In one of the more infamous portions of Ray Comfort’s gut-wrenchingly bad film, “Evolution vs. God,” RayCo demands “observable evidence” of evolution from biologist P.Z. Myers. When Myers suggests that his interviewer check out Lenski’s experiments with bacteria or the significant changes that have been observed in isolated populations of sticklebacks, Banana Ray says that’s not good enough.
“They’re still fish,” he says. “There’s no change in kinds.”
“What do the bacteria become?” he wants to know.
This interchange prompted us to crown RayCo “the world’s worst scientist,” remarking that:
[T]his is why Comfort is a terrible scientist. While a real scientist analyzes the results of an experiment or a finding in the field to see what conclusions may be drawn from it, Comfort waves away historical evidence as irrelevant and contemporary evidence as meaningless. He, in fact, demands evidence that the theory in question never predicted would be found.
I’d hate for a laboratory seeking new medical breakthroughs to ever have someone like RayCo in charge. I can see it now: “Well yeah, the patient has been cured of cancer, but he’s still going to die at some point, for some reason or another. There’s no real change here. Back to the drawing board.”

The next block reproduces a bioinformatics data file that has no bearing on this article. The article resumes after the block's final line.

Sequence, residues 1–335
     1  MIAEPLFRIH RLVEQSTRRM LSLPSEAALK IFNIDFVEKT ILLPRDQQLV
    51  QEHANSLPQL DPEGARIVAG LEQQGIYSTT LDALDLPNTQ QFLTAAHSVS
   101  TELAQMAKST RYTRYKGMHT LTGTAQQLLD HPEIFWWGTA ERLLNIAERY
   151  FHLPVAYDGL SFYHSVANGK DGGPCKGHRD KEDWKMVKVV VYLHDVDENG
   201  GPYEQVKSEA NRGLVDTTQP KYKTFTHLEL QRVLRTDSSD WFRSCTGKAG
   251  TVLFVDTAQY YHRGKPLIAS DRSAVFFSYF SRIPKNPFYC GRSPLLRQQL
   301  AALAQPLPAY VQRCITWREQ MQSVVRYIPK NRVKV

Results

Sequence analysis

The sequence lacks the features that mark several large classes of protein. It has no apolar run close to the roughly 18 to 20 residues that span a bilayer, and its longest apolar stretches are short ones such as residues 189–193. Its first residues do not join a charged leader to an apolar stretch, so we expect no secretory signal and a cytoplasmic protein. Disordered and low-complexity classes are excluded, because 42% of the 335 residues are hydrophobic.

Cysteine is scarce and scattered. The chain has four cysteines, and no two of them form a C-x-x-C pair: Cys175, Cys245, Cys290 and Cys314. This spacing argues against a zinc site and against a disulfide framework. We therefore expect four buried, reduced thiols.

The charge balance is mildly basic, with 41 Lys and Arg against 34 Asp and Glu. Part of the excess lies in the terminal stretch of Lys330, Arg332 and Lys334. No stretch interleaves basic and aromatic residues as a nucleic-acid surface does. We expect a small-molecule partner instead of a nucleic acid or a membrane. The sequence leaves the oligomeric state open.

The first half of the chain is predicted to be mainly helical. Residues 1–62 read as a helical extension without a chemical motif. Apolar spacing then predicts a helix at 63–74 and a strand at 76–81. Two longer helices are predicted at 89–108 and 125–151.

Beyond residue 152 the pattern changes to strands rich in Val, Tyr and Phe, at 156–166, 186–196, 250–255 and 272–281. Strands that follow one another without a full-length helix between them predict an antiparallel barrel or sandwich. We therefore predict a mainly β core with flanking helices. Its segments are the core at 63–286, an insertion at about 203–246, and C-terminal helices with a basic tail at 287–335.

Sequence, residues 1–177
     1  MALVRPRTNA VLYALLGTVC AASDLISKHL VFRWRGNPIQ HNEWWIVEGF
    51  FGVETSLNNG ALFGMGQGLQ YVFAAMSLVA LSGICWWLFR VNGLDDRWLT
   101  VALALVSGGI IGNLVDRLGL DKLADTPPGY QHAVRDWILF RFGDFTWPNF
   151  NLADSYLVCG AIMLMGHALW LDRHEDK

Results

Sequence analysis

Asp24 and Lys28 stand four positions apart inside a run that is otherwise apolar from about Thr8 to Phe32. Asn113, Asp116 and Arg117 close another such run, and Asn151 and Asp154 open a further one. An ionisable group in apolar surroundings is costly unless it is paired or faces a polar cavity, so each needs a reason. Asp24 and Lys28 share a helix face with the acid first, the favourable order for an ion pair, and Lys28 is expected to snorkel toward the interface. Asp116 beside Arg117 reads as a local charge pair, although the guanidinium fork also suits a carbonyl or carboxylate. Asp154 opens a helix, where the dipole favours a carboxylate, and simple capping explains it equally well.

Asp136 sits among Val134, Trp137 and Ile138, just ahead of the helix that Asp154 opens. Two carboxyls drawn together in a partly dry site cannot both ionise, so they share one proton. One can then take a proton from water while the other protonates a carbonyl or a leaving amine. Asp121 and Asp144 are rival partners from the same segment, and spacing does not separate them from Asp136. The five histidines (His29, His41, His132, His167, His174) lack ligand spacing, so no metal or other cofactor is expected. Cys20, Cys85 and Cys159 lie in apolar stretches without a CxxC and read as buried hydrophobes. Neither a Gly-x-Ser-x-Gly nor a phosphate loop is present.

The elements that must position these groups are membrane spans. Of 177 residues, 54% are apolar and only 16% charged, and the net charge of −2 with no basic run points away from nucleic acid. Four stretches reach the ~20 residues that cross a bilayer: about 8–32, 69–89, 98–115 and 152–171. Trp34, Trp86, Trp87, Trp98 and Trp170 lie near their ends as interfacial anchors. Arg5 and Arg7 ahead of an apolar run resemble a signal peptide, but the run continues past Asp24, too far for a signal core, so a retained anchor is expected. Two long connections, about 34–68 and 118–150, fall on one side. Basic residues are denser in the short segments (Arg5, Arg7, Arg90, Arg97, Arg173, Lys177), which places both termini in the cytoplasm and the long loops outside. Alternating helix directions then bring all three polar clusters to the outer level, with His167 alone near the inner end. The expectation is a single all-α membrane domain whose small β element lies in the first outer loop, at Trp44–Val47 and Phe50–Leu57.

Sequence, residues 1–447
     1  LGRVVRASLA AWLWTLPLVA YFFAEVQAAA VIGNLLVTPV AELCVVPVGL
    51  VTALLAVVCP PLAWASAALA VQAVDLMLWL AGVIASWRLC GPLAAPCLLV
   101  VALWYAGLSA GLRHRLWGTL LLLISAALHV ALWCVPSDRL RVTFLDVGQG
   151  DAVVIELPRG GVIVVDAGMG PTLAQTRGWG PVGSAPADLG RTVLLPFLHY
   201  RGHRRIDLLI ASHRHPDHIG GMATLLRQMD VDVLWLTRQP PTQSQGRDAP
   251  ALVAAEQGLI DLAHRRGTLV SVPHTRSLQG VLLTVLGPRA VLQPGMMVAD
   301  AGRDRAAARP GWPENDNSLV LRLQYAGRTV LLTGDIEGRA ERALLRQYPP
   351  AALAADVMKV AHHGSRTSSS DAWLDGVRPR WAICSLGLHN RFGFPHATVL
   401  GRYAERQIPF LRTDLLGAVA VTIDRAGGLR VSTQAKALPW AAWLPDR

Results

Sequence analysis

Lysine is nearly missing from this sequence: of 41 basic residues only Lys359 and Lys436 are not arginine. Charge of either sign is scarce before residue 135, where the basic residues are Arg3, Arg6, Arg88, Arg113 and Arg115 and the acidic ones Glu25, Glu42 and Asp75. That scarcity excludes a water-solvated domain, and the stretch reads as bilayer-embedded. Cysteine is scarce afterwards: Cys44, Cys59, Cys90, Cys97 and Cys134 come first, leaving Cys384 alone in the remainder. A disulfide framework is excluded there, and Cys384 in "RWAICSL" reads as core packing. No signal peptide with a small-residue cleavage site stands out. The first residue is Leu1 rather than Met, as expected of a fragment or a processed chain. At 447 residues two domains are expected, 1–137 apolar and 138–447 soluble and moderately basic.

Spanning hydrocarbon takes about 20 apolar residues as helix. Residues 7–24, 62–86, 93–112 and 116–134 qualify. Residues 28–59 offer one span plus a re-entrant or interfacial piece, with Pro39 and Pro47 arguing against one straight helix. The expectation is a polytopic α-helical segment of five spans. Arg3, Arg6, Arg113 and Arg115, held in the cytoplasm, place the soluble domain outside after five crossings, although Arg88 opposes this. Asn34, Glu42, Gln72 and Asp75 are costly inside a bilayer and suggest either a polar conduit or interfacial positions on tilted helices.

In honor of RayCo’s brilliance, we edited the above picture (originally used by Wikipedia to illustrate the transition of the earliest known relatives of land-dwelling tetrapods) to bring it more in line with his views.
You see, despite the mind-numbing absurdity of this viewpoint, it appears to have become quite popular with Comfort’s legions of fans, who continue to echo his demand for “observable, repeatable, scientific evidence of evolution” across the nine realms of the Interwebs. I think this is the simplest way to respond to such a request: The theory of evolution predicts, and all the evidence confirms, that macroevolution (large-scale, genus-level changes) takes millions of years, so asking for evidence of it happening before your eyes in a few minutes is like asking to hear the color brown. It just doesn’t work that way. In fact, if we ever found an example of macroevolution occurring on an “observable” time scale, it would disprove Darwin’s theory of evolution once and for all.
As Myers said in the movie, the humble sticklebacks may still be fish, but “they’re distinctly different fish.” And they have evolution to thank for it.
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